Child support is an ongoing, periodic payment made by a non-custodial parent following the end of a marriage or other relationship. These payments help financially provide for that parent’s child or children and ensure their basic needs are met.
Typically, child support payments are calculated using a percentage of the paying parent’s net income. For one child, the child support payment is usually 20 percent of net monthly income. For each additional child, another 5 percent is added.
However, there are several factors that can change the way child support payments are calculated and affect the amount owed. Here are a few circumstances that may alter the payment calculations.
Deductions. Once income is assessed, there may be federal deductions and mandatory deductions that apply. For example, some teachers have mandatory retirement deductions.
Bonuses. There are complex issues that come up such as bonuses or overtime pay that isn’t guaranteed. A parent may need to speak to an attorney about how to approach such income to avoid overpayment but still ensure the children are provided for.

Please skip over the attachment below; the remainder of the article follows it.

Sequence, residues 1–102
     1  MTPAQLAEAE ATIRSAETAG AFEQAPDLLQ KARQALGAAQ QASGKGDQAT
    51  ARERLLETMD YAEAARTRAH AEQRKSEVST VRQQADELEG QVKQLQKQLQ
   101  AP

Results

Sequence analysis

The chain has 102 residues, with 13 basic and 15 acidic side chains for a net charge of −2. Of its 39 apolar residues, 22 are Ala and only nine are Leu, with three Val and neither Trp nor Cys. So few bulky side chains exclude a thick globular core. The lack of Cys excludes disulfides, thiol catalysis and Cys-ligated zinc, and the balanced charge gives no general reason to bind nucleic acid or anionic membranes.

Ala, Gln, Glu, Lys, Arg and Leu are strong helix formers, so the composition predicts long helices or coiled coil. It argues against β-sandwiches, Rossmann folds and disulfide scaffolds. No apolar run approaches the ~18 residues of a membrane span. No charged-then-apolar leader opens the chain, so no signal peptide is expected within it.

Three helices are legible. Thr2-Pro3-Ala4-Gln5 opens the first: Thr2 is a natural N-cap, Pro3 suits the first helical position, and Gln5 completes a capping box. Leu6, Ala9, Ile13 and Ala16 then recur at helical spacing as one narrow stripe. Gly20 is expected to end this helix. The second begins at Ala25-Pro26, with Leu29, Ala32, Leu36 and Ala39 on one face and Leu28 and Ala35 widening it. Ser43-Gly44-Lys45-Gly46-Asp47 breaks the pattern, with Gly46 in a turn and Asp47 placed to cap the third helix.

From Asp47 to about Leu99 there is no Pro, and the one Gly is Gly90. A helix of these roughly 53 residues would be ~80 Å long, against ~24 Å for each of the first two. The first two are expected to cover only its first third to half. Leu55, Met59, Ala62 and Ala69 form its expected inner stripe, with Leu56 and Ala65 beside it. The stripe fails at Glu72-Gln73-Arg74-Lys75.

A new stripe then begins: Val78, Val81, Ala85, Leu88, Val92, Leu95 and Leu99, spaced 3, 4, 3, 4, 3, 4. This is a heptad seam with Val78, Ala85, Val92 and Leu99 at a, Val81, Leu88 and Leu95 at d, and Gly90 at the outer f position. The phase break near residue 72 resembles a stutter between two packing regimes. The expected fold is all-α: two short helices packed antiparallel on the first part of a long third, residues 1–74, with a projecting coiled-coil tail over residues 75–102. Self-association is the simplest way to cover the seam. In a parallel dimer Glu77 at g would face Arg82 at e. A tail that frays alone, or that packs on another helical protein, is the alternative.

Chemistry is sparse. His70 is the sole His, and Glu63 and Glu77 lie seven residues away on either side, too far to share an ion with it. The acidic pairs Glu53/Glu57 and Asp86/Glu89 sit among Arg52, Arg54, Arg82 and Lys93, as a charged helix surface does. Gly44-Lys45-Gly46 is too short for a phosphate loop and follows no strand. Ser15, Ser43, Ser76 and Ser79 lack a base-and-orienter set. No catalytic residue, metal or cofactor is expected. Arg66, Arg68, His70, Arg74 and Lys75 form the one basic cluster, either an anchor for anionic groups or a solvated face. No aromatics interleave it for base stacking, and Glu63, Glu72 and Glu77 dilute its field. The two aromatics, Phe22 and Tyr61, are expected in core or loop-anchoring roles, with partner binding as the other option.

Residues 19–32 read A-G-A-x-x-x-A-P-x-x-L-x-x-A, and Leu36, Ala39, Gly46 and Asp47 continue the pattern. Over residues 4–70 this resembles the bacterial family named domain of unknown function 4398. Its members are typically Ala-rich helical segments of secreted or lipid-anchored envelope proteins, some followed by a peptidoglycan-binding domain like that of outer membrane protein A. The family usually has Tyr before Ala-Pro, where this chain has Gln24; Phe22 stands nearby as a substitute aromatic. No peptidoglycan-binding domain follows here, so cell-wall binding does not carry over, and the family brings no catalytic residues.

Insurance. Factors like health and dental insurance for the child or children need to be taken into consideration when calculating child support payments.
Navigating the world of child support and child custody is complicated. It’s important to speak with an attorney about options whether you are the parent paying or the parent receiving child support.
At Sandoval Law Firm we understand the stress of dealing with divorce, child custody and domestic violence. Our firm consists of founding attorney Raul Sandoval Jr. and a dedicated support staff. Mr. Sandoval earned his law degree from Texas Tech University School of Law. Since that time, he has been practicing family law in the Austin area, as well as teaching seminars, classes and other forms of professional development.